The history of the removal of fire from California is at least coastal landscapes began pretty early on with early Spanish settlement.

加利福尼亚州灭火的历史在很早就形成了,至少在西班牙人早期定居西海岸时就开始了。

When we think about some of the first policies within the state, that limited the extent of where indigenous people could engage with fire, that policy initially came out around 1793 from a proclamation from the Spanish governor of California that forbid indigenous people from using fire. And so, you know, that spread from mission Santa Barbara outward.

加州的首批政策限制了土著人民可以使用火的范围,这些政策最初来自1793年左右西班牙裔加利福尼亚州州长禁止土著人民使用火的声明,也就是说,是从圣巴巴拉修道院(Mission Santa Barbara)向外推广的。

Hankins has done research into the indigenous practices before Europeans settled in the area.

在欧洲人定居该地区之前,汉金斯就已经对当地的习俗进行了研究。

Ohlone peoples in, in this region, would've been living in this landscape and using these different resources from the different ecosystems that are there from the wetlands to the grasslands, to the different oak forest and conifer forest and so forth, they each have their own timeframes for when fire would be appropriate

奥龙尼(Ohlone)人本该一直生活在这片土地上,利用来自不同生态系统的这些不同的资源,从湿地到草原,再到不同的橡树林和针叶林等等,他们每个人都有自己的时间表,在合适的时候点起火来。

And Hankins says that they would take a hand in the process of ecosystem management when the timing seemed right.

汉金斯说,当时机合适的时候,他们会参与生态系统管理的过程。

So, some places, like I said, would, would burn relatively frequently. People would see that, oh, the health of the grass is declining. We need to burn, or we're getting too much litter accumulation and on the forest floor.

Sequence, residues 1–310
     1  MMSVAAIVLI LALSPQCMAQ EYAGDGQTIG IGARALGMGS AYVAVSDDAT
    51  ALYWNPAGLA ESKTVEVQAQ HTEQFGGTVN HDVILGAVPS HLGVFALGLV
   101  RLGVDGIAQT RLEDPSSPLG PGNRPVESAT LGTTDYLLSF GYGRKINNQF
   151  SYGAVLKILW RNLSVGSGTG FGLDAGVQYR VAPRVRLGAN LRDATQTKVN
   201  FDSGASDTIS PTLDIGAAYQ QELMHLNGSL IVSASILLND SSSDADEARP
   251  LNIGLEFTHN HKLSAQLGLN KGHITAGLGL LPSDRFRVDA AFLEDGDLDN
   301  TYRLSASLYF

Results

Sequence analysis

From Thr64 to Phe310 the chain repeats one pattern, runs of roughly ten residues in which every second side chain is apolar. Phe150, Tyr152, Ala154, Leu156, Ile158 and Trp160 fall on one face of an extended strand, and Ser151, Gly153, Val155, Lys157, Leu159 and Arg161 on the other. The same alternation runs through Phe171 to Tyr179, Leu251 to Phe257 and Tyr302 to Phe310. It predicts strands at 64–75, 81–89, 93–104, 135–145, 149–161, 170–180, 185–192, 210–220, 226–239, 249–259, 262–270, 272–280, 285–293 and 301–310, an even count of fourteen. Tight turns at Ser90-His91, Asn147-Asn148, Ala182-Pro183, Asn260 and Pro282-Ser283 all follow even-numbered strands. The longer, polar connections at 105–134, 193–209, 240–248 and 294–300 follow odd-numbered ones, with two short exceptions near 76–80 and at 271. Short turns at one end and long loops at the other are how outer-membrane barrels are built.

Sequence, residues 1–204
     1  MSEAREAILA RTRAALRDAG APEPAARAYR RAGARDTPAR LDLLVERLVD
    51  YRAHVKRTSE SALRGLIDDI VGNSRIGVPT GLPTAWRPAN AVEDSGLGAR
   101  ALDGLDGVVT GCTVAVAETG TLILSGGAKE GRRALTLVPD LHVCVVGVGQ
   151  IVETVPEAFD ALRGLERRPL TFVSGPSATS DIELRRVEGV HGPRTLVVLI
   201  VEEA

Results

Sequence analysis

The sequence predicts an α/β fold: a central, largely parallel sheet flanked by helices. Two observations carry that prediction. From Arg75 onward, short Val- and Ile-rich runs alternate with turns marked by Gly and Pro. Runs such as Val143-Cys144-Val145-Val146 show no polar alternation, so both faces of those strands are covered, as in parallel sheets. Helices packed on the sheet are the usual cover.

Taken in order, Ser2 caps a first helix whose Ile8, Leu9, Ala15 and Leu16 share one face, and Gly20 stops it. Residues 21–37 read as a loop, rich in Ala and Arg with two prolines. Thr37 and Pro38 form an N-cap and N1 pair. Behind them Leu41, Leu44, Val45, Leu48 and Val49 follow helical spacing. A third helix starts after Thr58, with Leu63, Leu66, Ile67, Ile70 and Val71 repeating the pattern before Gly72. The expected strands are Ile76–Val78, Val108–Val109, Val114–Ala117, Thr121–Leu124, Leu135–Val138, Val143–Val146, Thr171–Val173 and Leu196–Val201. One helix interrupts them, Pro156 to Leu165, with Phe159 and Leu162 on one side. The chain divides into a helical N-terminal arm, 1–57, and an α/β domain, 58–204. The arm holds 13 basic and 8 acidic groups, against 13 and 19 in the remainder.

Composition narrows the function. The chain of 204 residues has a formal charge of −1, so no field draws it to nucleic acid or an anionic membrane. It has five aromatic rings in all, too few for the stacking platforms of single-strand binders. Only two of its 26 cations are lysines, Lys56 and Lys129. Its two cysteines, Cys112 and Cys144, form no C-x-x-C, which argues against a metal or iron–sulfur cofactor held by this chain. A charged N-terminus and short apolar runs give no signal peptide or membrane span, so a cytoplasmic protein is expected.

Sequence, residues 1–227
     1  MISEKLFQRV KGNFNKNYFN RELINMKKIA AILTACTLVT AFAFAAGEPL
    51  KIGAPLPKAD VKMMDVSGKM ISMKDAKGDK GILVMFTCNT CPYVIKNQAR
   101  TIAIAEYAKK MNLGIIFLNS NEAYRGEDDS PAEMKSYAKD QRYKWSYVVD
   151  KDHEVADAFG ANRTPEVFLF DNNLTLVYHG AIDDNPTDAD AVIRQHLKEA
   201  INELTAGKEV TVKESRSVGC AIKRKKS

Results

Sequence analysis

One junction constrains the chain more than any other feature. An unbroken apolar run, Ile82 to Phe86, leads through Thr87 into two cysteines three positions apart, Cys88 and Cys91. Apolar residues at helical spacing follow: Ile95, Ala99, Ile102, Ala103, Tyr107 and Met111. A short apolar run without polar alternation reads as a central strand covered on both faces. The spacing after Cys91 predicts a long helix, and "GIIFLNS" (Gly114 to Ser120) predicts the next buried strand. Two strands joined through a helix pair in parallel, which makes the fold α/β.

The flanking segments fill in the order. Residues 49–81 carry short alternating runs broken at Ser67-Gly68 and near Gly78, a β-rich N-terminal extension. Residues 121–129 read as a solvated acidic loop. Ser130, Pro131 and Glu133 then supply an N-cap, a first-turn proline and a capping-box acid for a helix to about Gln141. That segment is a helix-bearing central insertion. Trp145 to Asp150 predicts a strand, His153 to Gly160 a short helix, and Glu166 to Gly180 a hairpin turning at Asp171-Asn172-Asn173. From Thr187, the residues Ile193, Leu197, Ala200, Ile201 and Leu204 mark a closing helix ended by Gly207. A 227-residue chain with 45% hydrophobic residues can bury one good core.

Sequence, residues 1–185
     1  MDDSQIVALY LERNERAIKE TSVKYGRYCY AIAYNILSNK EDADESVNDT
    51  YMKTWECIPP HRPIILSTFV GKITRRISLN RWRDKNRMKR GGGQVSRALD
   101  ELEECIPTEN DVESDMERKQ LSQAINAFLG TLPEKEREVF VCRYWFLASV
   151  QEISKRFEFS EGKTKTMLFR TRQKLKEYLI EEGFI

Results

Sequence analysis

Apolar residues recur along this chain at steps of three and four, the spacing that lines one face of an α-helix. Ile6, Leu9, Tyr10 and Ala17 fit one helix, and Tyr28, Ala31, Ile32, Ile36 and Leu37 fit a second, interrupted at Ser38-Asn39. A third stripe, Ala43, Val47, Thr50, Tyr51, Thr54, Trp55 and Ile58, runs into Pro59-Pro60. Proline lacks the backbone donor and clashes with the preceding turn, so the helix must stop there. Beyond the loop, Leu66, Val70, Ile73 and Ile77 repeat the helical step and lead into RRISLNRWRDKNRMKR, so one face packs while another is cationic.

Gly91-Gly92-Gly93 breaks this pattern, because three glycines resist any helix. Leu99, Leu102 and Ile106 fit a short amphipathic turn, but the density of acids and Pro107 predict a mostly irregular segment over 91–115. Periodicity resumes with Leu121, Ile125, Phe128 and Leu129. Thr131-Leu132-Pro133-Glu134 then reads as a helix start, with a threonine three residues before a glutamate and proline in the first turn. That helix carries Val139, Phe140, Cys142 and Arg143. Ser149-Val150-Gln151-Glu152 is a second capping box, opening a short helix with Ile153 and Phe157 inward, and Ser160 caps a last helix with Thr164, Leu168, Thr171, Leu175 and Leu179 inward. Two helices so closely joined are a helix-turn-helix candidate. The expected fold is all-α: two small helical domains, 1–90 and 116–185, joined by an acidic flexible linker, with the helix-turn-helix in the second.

所以,有些地方,就像我说的,会相对频繁地燃烧。人们会看到,哦,草场的健康状况正在下降。我们需要燃烧,否则会有太多的垃圾堆积在森林地面上。

With this policy in place, people were limited in being able to burn because there were really strict penalties applied to people who, who set fires.

有了这项政策,人们在自行燃火方面受到了限制,那些放火的人受到了非常严格的处罚。

But now we are seeing the folly of fire suppression in big basin and elsewhere.

但现在,在大盆地和其他地区的灭火行为显得十分愚蠢。

I talked to Portia Halbert, the chief environmental scientist for Big Basin State Park.

我和大盆地州立公园的首席环境科学家波希娅·阿尔贝特谈过了。

She was there when the fire took off.

起火时她在场。

It’s crazy how fast the fire came in. What was the burn of Big Basin like? What was the fire like, that came through?

火势蔓延得太快了。大盆地的火灾是什么样的?那场火是什么样的?

This part of California, the coastal central and Northern California. We have foggy cool summers. When I go to the beach, I don't wear my swimsuit. I often wear a wool sweater. The day the fire started was unseasonably warm. I think it was probably in the, you know, low nineties and it was sunny and it was hot.